That's a Wrap Memo to President Obama's handlers: Next time the boss decides to shoot hoops at Fort McNair, don't forget to bring towels. The Army discontinued towel service for workout warriors this week at its fitness center at the historic post in Southwest Washington — the nearest Army installation to the White House — and at Fort Myer, its sister post across the Potomac. So Obama, who has played basketball at McNair several times with pals, is out of luck like every other gym jock. The Army's reason for throwing in the towel(s)? A budget crunch arising from the 2013 sequester deal. The move, according to officials of the Installation Management Command, will save water, laundry detergent, and labor costs — and solve the ever-present pilferage problem. Although a regular patron disparaged the government-issue towels as "supersized postage stamps," one military official said his gym had to buy more than 1,000 towels each year to replace the stolen stock. "They just fly away," he said, "especially in the summer." McNair and Myer were among the last holdouts, probably because of the heavy concentration of senior Army generals who live on the two posts but work at the Pentagon and other federal agencies. But not all is lost. "Antibacterial wipes to wipe down equipment after use will still be provided," an Army notice reassured.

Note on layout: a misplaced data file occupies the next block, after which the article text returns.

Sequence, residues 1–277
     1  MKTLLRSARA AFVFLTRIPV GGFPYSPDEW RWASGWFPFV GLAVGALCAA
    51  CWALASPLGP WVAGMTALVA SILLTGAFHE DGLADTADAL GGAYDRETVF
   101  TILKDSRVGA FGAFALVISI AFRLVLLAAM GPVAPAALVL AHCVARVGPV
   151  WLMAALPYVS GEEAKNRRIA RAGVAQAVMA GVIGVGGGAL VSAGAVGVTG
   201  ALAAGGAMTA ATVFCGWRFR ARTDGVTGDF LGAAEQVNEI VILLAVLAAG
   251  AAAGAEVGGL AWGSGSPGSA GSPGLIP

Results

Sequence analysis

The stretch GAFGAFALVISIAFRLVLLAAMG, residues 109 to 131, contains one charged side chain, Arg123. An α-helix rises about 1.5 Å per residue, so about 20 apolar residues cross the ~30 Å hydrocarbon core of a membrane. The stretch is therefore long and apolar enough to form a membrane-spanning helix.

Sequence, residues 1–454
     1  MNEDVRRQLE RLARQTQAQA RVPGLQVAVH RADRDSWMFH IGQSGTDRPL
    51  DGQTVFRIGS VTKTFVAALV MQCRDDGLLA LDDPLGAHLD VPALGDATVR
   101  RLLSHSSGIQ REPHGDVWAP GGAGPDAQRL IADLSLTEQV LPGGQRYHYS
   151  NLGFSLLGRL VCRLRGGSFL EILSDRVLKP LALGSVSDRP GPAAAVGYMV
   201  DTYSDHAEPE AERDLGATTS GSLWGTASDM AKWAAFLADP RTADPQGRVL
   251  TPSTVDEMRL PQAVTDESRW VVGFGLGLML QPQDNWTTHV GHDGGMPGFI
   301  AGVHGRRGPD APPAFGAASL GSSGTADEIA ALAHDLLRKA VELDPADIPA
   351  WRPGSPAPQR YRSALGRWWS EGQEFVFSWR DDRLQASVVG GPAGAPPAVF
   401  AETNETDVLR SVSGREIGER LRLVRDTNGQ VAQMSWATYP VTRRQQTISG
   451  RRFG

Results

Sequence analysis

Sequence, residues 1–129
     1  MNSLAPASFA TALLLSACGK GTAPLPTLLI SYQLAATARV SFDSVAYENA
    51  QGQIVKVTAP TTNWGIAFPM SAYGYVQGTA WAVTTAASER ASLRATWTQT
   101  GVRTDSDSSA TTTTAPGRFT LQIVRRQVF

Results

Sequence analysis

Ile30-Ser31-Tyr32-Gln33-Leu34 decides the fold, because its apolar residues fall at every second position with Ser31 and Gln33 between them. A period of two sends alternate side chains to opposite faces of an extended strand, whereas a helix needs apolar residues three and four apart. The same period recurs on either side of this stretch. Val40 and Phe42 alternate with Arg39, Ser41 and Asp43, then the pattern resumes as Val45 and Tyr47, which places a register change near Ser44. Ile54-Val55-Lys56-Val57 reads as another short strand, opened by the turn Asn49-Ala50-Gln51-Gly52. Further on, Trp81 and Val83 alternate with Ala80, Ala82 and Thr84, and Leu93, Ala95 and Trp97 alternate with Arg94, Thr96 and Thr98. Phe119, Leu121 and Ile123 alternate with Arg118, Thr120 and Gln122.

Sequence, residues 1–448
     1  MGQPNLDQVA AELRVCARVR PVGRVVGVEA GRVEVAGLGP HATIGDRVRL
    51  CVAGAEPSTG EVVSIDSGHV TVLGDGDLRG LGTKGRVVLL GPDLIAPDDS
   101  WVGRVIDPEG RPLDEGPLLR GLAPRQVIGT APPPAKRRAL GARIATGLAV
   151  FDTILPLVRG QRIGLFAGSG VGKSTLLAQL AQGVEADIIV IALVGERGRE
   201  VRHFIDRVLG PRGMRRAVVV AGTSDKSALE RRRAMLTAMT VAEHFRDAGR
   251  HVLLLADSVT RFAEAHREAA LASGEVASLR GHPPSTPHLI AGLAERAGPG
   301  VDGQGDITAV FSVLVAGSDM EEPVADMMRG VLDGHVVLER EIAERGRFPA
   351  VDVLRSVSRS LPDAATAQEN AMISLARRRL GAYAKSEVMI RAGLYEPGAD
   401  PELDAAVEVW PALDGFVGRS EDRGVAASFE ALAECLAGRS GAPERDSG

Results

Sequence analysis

Game Off

Like any father of teenagers, President Obama tries to keep an eye on the video games his daughters play. But it turns out it was the president himself who brought into the White House a game known for its violence and mayhem. One rated "M" for Mature: "Generally suitable for ages 17 and up. May contain intense violence, blood and gore, sexual content, and/or strong language." The offending video game is "The Witcher," which features a warrior who mutates and slays monsters. The president gets a pass this time, though. He wasn't being a bad parent; he was just accepting a gift from another head of government, and he suggested on his trip to Poland this week that the game has never even been opened. "The Witcher" is based on a series of fantasy stories written by Polish author Andrzej Sapkowski, and it was given to Obama by Polish Prime Minister Donald Tusk in 2011. On his return visit, the president acknowledged that the game has "won fans the world over" and called it "a great example of Poland's place in the new global economy." But he added, "I confess I'm not very good at video games."